Increasing and improving tax collection in developing countries

What are we doing?

With the aim of reforming the global tax system so that it “levels the playing field” for developed and developing countries, we have identified a series of areas to consider in order to build and improve the revenue collection in developing countries through tax. We will be exploring these issues in partnership with Wilton Park.

Why are we doing it?

Developing countries rely on collection of corporate taxes, in many ways more than other countries. At the same time, attracting investment from abroad and helping domestic companies to grow are key priorities for many governments. However, much of the current debate around the global tax system does not take developing countries as the starting point. There is a need to explore what measures can be taken by tax authorities, businesses, investors and global civil society to assist in these aims to build tax collection in developing countries.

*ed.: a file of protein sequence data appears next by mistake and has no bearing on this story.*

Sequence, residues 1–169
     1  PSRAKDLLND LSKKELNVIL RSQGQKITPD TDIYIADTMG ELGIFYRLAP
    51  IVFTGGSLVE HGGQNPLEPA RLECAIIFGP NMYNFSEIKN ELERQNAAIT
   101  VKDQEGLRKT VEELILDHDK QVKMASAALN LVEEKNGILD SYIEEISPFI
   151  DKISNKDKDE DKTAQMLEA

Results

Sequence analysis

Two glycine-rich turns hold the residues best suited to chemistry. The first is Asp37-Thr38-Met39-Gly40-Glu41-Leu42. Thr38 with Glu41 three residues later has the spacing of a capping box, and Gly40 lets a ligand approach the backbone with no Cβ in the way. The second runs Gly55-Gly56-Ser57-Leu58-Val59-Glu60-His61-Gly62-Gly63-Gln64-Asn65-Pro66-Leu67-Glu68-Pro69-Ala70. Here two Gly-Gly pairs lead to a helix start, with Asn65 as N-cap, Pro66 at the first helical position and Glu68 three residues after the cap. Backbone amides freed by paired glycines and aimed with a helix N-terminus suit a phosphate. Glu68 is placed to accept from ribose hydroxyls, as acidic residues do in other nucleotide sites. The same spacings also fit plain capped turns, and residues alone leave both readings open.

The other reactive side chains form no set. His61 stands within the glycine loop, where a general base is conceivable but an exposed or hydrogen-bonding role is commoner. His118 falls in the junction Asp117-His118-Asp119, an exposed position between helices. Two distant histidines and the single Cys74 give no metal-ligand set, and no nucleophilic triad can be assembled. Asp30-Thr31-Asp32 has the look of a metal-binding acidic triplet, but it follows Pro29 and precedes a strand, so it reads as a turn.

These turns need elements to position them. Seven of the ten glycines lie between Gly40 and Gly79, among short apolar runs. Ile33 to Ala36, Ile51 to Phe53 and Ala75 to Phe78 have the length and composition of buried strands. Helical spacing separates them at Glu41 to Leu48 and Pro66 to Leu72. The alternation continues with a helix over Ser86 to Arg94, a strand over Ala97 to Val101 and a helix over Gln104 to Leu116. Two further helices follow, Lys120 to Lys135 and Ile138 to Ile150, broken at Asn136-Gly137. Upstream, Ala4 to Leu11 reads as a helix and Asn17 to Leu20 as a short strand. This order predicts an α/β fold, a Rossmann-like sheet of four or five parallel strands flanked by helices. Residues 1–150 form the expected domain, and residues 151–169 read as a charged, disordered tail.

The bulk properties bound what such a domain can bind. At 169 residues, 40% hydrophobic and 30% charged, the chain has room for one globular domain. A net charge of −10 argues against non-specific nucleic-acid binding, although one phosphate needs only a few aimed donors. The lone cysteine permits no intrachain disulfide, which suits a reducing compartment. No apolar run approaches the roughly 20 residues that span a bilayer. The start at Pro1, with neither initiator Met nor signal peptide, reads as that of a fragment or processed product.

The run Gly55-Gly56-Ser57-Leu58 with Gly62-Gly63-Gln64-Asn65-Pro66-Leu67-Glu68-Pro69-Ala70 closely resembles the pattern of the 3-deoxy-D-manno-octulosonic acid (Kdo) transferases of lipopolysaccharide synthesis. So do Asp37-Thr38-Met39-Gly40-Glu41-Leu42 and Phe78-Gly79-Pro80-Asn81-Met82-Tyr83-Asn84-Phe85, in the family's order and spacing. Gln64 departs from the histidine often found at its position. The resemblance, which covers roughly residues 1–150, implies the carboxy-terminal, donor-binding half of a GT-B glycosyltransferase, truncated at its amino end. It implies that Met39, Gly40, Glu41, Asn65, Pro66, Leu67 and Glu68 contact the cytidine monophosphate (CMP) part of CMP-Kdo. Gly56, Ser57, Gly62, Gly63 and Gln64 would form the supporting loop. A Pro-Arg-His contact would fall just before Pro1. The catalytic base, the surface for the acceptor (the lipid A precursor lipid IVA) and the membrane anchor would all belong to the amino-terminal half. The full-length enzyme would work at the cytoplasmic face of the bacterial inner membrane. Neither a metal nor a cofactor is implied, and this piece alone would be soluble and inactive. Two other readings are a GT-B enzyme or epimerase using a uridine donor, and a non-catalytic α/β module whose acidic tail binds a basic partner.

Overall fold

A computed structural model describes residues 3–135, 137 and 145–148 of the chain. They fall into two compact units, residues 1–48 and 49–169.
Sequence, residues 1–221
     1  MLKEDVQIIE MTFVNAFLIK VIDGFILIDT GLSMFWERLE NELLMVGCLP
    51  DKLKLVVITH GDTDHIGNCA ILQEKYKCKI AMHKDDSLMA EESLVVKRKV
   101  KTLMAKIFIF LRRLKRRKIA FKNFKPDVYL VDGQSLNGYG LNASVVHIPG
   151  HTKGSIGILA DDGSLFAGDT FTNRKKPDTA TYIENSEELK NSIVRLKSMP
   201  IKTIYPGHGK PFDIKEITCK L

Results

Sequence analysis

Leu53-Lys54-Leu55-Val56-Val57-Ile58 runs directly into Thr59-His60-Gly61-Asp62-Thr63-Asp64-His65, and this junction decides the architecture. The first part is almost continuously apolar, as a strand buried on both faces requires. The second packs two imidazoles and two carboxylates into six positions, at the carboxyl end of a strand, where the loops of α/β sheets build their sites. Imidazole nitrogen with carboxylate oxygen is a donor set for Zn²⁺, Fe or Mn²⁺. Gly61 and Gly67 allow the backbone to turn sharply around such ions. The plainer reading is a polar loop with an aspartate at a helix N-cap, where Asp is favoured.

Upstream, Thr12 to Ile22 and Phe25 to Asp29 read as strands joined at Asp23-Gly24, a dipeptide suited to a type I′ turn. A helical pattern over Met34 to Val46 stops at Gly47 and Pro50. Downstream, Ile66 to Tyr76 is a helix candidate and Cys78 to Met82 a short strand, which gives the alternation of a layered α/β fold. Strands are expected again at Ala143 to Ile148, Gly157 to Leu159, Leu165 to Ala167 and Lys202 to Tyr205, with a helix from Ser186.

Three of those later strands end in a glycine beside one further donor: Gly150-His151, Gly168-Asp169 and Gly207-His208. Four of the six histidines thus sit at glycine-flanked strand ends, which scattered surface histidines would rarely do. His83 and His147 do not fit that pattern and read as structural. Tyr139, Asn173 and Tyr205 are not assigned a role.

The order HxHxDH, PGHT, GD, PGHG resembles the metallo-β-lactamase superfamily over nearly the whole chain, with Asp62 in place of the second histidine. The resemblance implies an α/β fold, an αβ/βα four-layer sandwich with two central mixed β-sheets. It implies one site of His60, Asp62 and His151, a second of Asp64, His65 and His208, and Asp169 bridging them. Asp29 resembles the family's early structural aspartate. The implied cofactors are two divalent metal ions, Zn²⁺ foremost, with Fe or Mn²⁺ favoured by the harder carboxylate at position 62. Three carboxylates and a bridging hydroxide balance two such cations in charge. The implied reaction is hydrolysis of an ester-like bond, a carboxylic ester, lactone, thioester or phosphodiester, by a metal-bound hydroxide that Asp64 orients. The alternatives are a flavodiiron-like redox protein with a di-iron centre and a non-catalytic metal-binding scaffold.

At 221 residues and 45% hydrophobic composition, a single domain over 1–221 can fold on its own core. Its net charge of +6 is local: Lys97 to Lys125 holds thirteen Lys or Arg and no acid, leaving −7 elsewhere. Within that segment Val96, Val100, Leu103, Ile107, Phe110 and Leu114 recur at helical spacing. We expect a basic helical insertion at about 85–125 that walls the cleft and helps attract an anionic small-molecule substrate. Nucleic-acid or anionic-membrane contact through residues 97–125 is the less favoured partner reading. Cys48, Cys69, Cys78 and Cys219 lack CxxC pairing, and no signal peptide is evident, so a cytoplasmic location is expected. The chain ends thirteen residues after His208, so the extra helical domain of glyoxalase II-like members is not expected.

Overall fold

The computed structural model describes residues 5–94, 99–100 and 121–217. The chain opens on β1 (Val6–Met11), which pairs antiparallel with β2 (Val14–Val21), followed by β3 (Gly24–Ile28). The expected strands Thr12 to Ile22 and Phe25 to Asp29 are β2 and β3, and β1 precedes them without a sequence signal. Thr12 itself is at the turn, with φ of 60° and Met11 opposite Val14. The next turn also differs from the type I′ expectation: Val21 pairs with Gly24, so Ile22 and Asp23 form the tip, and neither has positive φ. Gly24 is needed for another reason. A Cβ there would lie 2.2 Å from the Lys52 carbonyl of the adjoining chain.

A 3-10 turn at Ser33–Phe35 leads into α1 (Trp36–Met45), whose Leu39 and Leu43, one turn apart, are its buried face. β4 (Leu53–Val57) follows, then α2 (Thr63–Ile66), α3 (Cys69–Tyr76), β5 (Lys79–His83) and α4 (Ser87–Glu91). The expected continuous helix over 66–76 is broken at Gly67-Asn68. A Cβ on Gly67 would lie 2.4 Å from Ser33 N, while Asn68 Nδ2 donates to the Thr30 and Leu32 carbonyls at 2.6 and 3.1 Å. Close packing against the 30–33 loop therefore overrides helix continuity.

Key questions:

• What sort of capacity building between companies, governments, investors and tax administrations will strengthen developing countries’ tax administrations?

• What skills and technologies are available to developing and emerging economies to build capacity in order to better manage tax revenues?

• What other factors beyond tax will help encourage investment and how does tax policy making contribute to these?

• How can companies help build a wider tax-paying culture in the countries in which they operate?

How do we get there?

We will hold a two-day conference with a range of stakeholders including those working in tax authorities across the world. This will include a series of plenaries and workshops to explore specific issues in more detail.

The conference will be complemented by a series of working group sessions prior to the conference in order to help develop the programme. We will also produce blogs, videos and animations around the conference. Through these activities we will explore what developing countries themselves want from inward investment, and illustrate where best practice of corporates, tax administrations and governments can contribute to these.